Up

Pinchuk suggests "painful compromises" for peace in Donbass: hold unfair elections and forget about the Crimea 12/30/2016 15:14:11. Total views 697. Views today — 0.

Ukrainian businessman Victor Pinchuk offers to agree to the "painful compromises" for the sake of peace in Donbass. He wrote an article in the "Wall Street Journal" concerning this issue, - "Levyj Bereh" reports.

Victor Pinchuk believes that Ukraine has a right to choose its own way and safeguard its territorial integrity. Russia must implement its obligations under the Minsk agreements and ensure enforcement of the cease-fire and the withdrawal of its fighters and heavy weapons. "But this can be part of a larger picture in which we make painful compromises for peace", - is written in the article.

Pinchuk offers the following idea: Ukraine should consider temporarily eliminating European Union membership from its stated goals for the near future. He believes Ukraine can build a European country, be a privileged partner, and later discuss the joining.

Crimea must not get in the way of a deal that ends the war in the east on an equitable basis. The businessman thinks that it will take Ukraine 15 to 20 years to generate enough economic growth and stabilize the infrastructure, social safety net and financial system. Everyone from Crimea will then want to live in this future Ukraine - just as East Germans wanted to become part of West Germany.

The local elections could be possibly held even before the moment Ukraine has full control over its territory. Pinchuk agrees that these elections will be unfair but in his opinion, such compromises may demonstrate Ukraine’s commitment to peaceful reunification.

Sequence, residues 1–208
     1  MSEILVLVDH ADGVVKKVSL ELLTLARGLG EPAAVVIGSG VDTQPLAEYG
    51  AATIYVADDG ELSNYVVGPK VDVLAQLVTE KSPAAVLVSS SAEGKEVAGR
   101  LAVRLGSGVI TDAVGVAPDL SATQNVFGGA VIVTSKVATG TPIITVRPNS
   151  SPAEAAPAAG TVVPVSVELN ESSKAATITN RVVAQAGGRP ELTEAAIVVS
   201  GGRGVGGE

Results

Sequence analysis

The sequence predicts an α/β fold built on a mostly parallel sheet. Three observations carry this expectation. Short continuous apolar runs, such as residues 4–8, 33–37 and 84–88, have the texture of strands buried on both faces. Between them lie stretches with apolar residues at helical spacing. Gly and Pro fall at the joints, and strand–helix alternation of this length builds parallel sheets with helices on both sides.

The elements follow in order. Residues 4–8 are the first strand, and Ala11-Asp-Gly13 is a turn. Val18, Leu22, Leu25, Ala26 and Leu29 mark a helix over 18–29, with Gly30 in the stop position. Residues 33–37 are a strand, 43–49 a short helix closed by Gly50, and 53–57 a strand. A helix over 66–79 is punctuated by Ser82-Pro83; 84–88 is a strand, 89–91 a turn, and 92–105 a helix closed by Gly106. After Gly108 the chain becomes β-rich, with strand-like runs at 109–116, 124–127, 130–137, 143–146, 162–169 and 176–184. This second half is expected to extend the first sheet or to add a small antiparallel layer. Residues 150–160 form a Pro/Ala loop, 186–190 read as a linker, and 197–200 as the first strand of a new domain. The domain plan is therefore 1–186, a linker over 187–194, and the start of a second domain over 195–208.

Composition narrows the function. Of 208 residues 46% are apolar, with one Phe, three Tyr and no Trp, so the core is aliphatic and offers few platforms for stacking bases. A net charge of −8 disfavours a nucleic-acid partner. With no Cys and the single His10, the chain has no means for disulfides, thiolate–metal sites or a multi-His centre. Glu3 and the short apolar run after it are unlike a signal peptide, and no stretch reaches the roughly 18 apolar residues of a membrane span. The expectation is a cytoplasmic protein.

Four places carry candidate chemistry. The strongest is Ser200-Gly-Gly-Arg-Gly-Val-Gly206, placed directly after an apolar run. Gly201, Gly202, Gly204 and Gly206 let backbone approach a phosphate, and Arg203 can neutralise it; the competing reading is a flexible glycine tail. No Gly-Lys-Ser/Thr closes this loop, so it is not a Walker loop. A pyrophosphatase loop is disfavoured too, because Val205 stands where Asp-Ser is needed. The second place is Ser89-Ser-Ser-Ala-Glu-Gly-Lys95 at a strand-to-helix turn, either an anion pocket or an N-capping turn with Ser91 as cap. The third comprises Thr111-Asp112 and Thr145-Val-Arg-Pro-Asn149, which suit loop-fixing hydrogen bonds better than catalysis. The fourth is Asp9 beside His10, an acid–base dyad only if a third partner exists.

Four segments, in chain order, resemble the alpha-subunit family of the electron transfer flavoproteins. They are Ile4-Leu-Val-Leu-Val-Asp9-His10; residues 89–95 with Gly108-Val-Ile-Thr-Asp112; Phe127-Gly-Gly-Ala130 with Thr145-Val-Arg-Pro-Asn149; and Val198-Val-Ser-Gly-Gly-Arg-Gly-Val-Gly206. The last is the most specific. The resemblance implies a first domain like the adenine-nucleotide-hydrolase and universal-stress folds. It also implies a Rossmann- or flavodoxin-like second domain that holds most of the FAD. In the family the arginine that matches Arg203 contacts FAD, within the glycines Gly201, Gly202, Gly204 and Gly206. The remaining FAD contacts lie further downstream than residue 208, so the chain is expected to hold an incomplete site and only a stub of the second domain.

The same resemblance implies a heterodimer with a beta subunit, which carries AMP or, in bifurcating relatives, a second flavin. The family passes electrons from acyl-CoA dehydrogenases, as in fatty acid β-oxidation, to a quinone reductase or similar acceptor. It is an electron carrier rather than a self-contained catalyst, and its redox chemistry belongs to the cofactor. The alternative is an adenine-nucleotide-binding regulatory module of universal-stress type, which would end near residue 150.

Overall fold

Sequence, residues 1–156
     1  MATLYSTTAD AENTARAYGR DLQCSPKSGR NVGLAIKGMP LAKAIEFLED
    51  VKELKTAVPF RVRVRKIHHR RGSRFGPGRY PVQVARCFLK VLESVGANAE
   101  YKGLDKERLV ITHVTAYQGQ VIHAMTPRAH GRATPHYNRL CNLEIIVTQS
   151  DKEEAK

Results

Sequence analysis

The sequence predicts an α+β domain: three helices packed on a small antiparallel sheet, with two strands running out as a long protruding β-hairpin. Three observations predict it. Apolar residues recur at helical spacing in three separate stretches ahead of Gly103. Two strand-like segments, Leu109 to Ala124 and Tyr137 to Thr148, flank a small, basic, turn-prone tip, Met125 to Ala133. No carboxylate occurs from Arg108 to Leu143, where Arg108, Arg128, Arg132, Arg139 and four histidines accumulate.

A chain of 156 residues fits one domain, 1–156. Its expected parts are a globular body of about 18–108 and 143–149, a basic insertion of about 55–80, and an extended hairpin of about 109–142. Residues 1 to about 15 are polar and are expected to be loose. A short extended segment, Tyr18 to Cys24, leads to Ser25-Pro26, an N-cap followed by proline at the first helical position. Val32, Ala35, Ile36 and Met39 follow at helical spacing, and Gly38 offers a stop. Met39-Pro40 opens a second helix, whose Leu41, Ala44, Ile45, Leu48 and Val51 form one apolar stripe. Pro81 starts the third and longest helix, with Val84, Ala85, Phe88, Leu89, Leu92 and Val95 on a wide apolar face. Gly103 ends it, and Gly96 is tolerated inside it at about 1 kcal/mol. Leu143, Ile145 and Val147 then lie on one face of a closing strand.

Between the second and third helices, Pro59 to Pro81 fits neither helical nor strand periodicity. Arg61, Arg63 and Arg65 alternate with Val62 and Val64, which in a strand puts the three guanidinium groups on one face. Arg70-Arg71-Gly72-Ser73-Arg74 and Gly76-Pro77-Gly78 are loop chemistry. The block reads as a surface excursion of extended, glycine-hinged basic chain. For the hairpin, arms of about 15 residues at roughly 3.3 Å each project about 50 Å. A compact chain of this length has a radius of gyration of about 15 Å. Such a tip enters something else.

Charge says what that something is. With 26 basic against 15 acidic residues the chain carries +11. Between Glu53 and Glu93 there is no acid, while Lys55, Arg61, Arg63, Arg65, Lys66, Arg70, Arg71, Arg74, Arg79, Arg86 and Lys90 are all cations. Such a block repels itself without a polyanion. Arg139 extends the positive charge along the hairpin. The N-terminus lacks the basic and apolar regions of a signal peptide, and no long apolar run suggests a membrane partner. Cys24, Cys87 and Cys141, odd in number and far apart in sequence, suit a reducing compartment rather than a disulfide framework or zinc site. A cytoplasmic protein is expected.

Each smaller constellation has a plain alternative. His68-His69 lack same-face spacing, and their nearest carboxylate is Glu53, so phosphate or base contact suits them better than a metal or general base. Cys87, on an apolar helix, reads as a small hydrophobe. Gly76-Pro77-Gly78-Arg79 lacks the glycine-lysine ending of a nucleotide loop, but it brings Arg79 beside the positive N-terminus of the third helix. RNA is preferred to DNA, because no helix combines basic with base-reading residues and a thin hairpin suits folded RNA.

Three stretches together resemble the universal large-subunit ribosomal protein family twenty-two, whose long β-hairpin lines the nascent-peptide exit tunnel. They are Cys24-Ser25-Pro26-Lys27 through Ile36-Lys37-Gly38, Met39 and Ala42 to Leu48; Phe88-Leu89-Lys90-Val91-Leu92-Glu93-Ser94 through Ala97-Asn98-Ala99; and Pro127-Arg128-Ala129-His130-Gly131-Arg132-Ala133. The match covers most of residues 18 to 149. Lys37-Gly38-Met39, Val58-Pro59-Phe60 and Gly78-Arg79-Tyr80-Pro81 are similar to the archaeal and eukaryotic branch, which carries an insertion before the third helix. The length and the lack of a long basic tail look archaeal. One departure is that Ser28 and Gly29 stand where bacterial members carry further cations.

Ukraine will not join NATO in the near- or midterm. The offer is not on the table, and if it were, it could lead to an international crisis of unprecedented scope. That’s why Pinchuk believes that Ukraine should pursue an alternative security arrangement and accept neutrality as a near-term vision for the future.

Pinchuk writes that in exchange for these compromises Ukraine will need real security guarantees.

"In the 1994 Budapest Memorandum the U.S., Russia, Britain, France and China gave security assurances in exchange for Ukraine giving up its nuclear arsenal. We trusted this agreement but learned painfully when Russia invaded Crimea that assurances are not guarantees. Ukraine must offer realistic, detailed proposals on all of these points. We should also make clear that we are ready to accept an incremental rollback of sanctions on Russia as we move toward a solution for a free, united, peaceful and secure Ukraine", - Pinchuk stated.

He thinks that the Ukrainian lives that will be saved are worth such painful compromises.